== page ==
Monday, September 26, 2005

5/16 Life Crisis

I am having issues. I wouldn’t call it a mid-life crisis, because God-willing I am nowhere near the middle of my life. I calculated that provided I live around 83 years, my life is 5/16 over. So, I guess I’ll call whatever funk I’m in a “5/16 life crisis.” Basically what it all boils down to is that mid-20s just suck.

I don’t feel as youthful as I used to be. I still have plenty of energy and ambition, but I don’t have the carefree naivetĂ© that comes with inexperience. I can’t unlearn what I’ve learned about the world, which means I can never see the world again through the eyes of a child or even a teenager, free of cynicism and judgment. So what does maturing and growing older mean? Does it mean coming to terms with letting go of your adolescence? Is what we think of as “growing older gracefully” really the ability to do this better than others? Is it graduating from one who receives advice and guidance to one who gives? I don’t feel qualified for that either. I feel like people in that echelon still look down on me as someone who hasn’t earned that right. But yet I find myself walking around campus, seeing freshmen and thinking, “You don’t know anything yet!” Are there still people who think that about me?

I guess I never thought being in your 20s signaled any type of transition. Does it? Okay, here’s another thing. I don’t know if it’s my age that’s getting me down or my occupation. The more time passes (as I result I grow older AND more experienced) the more I see people just not thinking for themselves. I see people believing what’s on TV, what they’re told by authority figures, what’s on the internet rather than forming their own opinions and looking critically at situations. Maybe this is because as a scientist, my number one job requirement is to question. Explore every avenue, keeping an open yet logical mind. Be skeptical, separate what is truth from simply what you want to be true. Because this methodology has been ingrained in me, I can’t help but be judgmental of those who don’t employ this type of thinking. But that doesn’t always allow me to be shed in the best light. In other words, I am terrified that I am becoming the classic intolerant scientist with a massive ego and a superiority complex, vastly removed from the “real world.” And by “real world” I mean the views of everyday people, not real current issues.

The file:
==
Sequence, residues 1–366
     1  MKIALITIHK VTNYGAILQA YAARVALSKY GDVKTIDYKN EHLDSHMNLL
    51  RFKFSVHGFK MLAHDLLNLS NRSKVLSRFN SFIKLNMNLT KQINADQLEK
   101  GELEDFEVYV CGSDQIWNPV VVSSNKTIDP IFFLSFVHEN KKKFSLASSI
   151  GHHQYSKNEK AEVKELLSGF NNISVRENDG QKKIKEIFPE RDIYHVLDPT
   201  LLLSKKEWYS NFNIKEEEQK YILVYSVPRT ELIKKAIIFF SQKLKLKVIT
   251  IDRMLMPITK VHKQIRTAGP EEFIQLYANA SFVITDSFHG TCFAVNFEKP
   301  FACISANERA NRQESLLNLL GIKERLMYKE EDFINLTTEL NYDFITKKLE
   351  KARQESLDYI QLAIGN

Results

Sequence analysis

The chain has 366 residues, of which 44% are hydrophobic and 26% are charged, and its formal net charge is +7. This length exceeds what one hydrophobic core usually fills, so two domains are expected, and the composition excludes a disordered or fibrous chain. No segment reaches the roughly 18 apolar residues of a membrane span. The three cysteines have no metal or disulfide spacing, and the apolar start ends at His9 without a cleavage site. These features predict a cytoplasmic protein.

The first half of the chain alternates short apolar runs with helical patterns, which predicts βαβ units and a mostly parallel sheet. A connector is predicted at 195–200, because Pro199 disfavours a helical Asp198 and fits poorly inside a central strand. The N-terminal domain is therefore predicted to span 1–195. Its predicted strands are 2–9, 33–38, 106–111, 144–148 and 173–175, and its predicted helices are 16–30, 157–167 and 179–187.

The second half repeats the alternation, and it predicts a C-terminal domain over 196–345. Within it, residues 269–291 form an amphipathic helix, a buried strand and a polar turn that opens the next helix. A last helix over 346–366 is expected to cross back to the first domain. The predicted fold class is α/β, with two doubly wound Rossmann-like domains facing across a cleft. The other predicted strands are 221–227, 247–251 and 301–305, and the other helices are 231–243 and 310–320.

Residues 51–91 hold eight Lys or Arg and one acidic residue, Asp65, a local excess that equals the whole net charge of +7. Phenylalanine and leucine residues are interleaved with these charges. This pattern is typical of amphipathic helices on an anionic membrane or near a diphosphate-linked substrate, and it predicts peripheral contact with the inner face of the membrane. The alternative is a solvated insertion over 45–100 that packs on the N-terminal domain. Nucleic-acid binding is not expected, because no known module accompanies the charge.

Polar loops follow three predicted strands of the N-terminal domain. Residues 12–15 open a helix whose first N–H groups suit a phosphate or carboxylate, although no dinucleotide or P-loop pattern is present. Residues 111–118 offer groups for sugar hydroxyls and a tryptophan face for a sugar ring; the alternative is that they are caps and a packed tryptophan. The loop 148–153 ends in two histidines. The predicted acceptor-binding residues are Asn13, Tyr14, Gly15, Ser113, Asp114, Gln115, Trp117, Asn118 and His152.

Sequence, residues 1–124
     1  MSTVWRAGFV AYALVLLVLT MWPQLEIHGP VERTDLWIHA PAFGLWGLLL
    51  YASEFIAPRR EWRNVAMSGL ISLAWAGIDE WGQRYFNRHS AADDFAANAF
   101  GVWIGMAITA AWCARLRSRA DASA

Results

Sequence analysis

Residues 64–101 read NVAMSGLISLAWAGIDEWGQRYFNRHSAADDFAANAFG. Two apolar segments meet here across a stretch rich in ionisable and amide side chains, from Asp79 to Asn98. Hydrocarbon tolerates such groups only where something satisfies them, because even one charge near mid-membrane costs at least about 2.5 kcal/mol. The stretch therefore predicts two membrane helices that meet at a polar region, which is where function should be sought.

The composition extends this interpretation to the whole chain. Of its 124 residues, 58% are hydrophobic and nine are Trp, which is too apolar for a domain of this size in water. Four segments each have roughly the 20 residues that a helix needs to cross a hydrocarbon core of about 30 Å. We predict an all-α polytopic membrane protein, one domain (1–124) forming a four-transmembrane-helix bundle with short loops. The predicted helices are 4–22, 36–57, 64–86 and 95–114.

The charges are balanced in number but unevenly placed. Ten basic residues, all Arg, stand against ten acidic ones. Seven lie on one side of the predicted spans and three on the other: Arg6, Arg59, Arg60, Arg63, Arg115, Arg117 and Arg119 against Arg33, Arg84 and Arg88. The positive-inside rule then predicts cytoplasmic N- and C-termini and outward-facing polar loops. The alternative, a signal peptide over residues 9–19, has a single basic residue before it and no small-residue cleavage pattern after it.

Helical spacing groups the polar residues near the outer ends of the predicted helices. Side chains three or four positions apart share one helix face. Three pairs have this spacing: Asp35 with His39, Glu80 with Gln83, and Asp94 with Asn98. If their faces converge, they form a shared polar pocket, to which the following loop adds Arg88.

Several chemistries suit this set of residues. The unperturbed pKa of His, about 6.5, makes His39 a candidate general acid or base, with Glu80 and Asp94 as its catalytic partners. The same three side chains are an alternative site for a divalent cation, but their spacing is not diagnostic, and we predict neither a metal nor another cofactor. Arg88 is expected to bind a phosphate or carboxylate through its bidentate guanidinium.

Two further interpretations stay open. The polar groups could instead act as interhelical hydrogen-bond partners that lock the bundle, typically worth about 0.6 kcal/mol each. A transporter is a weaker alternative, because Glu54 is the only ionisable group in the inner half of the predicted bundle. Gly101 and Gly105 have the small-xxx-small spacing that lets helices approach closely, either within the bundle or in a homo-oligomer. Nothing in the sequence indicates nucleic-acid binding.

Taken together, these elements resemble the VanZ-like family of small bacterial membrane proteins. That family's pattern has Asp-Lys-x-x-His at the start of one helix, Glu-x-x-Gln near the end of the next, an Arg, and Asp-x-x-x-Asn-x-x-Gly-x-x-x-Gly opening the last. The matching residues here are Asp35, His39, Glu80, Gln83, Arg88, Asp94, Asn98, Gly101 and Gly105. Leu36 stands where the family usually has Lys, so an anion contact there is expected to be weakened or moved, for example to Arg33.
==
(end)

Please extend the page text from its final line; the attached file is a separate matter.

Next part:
What’s worse than being the classic intolerant scientist? Being the classic intolerant female scientist. When I did my internship at a national lab two summers ago, I greatly admired my boss, but swore I’d never be like her. All of her male employees called her a bitch behind her back. She was firm, unrelenting and aggressive. I watched her fight with another lead scientist for the ownership of a $10,000 furnace and she got it. I didn’t want to be like her because I didn’t want my employees to talk about me like that. Two years later and I could care less what people say about me. If they want to call me those names for being what they themselves force me to be through their own double standards, they can bite me. Yes, those double standards are unfair, but the alternative of rolling over and being walked over is unacceptable. Every now and then I still send her an email reminding her that she’s my role model. I know it embarrasses her but it has to make her happy too. So is it an age thing, a work thing or a gender thing I’m going through right now?

When I used to think of myself, it was as a timid, gentle, quiet, patient girl. I know I am not just those things anymore, but am I any of them? And why do I care about words that describe me? If anybody has any answers to these questions, feel free to share!

13 comments:

lefty_grrrl said...

Google 'quarterlife crisis.' You'll turn up some interesting stuff.

The mid-twenties were midlife 150 years ago. Now, many twenty-somethings still live at home with their parents. People wait to get married, have kids, start careers. More and more people are getting college educations, even as the costs are skyrocketing.

For the modern twenty-something, there is always a feeling of being unsettled and unfulfilled. Maybe it's because things change every day. Simple things like songs and books go in and out of fashion over the course of days, weeks, and months. Less than 100 years ago, songs were popular for years!